Don’t tell my boss, but I took the day off to do some shopping with a fellow member of the South Florida Depression Glass Club.
He had stopped at an antique mall in Fort Pierce on a trip from Orlando to Broward County and bid on a set of uranium glass lemonade. The salesman accepted his offer, so I traveled with him to St. Lucie County to pick up the set.
On the way back, we stopped at antique and thrift stores in Fort Pierce, Port St. Lucie, Stuart and Jensen Beach.
My friend is fairly new to glass collecting – he loves mid-century barware – so it was interesting to see his picks and offer a little advice – solicited or unsolicited. He envisions the years to come, when he can retire and pay for his hobby by hosting specialist glass shows to cull his collection.
With that in mind, here are my thoughts for beginning collectors:
¦ Look for the rare. I have friends who enthusiastically send me pictures of Imperial Candlewick Glass Divided Relish Trays. Pieces like this are usually a dime a dozen in most glassware designs. When it comes to collecting glass, try to find the pieces that people don’t buy in abundance – finger bowls, shakers, shot glasses, etc. Likewise, the floral pieces of Roseville pottery that were once so popular with collectors are not as desirable as the earlier, sometimes unmarked vases, bowls, and urns. The fact that you don’t see these pieces every day is part of what makes collecting fun – and it adds to the thrill of the hunt.
¦ Buy the best you can afford in your particular genre. Think high-end brands – Louis Vuitton, Gucci, Hermès, Tiffany, Steuben and others. They were expensive to begin with, simply because of the quality of the materials and the craftsmanship involved in creating them. They remain expensive now for this same reason. You didn’t buy them by the dozen at Woolworth back then. Experienced collectors seek out these items precisely because of this. For example, even though most silver is sold by the ounce these days, high-end brands like Tiffany still command a higher price per ounce. That said, there’s nothing wrong with collecting the ordinary, as long as you don’t pay high prices.
¦ Think about the state. Look for the best original condition – most other collectors don’t want repaired, refinished or refurbished pieces, although there’s nothing wrong with that, as long as you don’t pay full price for it. them. You deserve the best, don’t you? Shopping for it will reduce clutter.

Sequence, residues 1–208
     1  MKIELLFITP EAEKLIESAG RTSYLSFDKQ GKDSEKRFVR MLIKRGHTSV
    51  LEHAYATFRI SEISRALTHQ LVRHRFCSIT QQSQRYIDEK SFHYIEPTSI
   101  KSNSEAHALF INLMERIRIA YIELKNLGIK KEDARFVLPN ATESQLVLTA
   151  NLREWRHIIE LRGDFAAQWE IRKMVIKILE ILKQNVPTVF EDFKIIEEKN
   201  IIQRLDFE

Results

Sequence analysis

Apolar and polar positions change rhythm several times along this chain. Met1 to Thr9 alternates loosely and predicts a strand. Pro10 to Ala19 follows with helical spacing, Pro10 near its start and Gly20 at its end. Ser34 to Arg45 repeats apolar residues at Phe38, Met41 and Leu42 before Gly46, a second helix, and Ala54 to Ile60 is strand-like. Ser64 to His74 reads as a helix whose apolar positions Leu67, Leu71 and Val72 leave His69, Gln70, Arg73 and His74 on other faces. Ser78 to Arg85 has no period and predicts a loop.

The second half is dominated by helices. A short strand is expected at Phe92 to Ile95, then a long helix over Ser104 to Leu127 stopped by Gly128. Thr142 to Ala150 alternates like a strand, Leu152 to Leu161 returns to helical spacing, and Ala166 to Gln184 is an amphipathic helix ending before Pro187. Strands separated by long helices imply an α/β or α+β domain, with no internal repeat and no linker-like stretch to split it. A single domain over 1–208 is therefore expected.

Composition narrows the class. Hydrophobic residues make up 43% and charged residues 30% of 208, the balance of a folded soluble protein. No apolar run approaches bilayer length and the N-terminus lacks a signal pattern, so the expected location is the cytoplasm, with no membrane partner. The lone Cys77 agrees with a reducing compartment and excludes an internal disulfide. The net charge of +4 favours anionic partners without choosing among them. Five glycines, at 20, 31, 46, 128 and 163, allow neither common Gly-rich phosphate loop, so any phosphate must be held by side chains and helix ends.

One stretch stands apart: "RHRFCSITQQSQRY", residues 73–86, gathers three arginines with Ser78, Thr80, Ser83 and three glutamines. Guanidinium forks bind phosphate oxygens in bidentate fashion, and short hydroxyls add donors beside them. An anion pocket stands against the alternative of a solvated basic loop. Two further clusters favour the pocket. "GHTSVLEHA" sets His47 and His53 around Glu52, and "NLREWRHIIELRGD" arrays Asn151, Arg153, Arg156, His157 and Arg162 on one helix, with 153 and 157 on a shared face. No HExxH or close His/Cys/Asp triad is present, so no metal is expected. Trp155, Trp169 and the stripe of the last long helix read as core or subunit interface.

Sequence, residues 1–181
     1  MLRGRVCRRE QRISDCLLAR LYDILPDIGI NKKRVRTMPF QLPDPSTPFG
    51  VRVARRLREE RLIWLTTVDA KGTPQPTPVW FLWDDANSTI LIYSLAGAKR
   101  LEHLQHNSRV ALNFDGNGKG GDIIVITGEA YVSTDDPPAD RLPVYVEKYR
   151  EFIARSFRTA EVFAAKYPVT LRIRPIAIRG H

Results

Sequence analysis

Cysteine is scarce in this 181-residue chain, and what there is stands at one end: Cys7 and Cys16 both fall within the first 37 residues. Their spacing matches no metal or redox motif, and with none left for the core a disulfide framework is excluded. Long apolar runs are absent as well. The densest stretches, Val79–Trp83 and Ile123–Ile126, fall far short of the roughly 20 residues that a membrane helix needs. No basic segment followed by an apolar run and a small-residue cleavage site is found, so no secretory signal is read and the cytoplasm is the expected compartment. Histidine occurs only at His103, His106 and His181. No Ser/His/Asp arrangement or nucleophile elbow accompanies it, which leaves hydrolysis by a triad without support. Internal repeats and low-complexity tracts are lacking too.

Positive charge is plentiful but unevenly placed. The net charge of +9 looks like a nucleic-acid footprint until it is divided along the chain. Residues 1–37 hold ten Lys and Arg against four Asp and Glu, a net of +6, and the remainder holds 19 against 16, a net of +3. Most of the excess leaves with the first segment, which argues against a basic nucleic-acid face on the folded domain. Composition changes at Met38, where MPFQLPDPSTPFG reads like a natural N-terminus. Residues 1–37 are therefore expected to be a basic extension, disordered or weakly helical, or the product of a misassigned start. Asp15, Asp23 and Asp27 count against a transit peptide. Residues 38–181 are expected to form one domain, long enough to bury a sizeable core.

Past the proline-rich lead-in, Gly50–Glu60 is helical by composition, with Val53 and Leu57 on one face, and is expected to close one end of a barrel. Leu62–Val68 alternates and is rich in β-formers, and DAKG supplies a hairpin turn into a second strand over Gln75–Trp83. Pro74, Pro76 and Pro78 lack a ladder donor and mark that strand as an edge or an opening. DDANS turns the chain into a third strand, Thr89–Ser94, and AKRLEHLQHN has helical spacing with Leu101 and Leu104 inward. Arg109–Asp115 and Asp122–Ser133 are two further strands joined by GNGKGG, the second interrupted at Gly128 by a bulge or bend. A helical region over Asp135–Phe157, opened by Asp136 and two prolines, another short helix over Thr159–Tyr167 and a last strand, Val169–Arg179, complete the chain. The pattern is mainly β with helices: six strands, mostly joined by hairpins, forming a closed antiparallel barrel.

¦ Look for it. A little knowledge is dangerous. But a savvy shopper knows when to buy and when to hold back. eBay and other online sites are great teaching tools. Click on the “advanced search” tab at the top right of the eBay screen to search for completed sales. The asking price is wishful thinking; the sales made give you an idea of what the market will bear. You can often do the same with a simple Google search. I also have an account on LiveAuctioneers.com. Yes, I sometimes bid (and lose!) on auction items. But I can also log in and use it as a great tool to search for results.
¦ Join the club. Want to know more or share your findings? Then join a specialized club. I am a member of the South Florida Depression Glass Club on the east coast of Florida (www.sfdgc.com) and a member of the United Federation of Doll Clubs (www.ufdc.org). But there are also doll clubs and train clubs and groups for collectors of stamps and political memorabilia along both coasts.
And, as Naples Reader Elizabeth Gordon reminds me, there is a national group called Questers, which has chapters throughout Southwest Florida and the Treasure Coast (visit www.questers1944.org for more info). ). They are dedicated to the study of antiquities and wish to preserve the past for the future, promote education in the fields of historic preservation and restoration, and award grants for the preservation and restoration of historic artifacts, existing memorials, historic buildings and monuments, according to the website.
Careful! You might learn something and make some friends along the way! ¦